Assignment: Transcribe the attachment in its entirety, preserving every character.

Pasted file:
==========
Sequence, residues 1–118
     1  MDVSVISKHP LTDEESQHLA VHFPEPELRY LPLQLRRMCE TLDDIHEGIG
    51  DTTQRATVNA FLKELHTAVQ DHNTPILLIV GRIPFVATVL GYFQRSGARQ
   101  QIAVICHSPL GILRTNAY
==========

Sequence, residues 1–118
     1  MDVSVISKHP LTDEESQHLA VHFPEPELRY LPLQLRRMCE TLDDIHEGIG
    51  DTTQRATVNA FLKELHTAVQ DHNTPILLIV GRIPFVATVL GYFQRSGARQ
   101  QIAVICHSPL GILRTNAY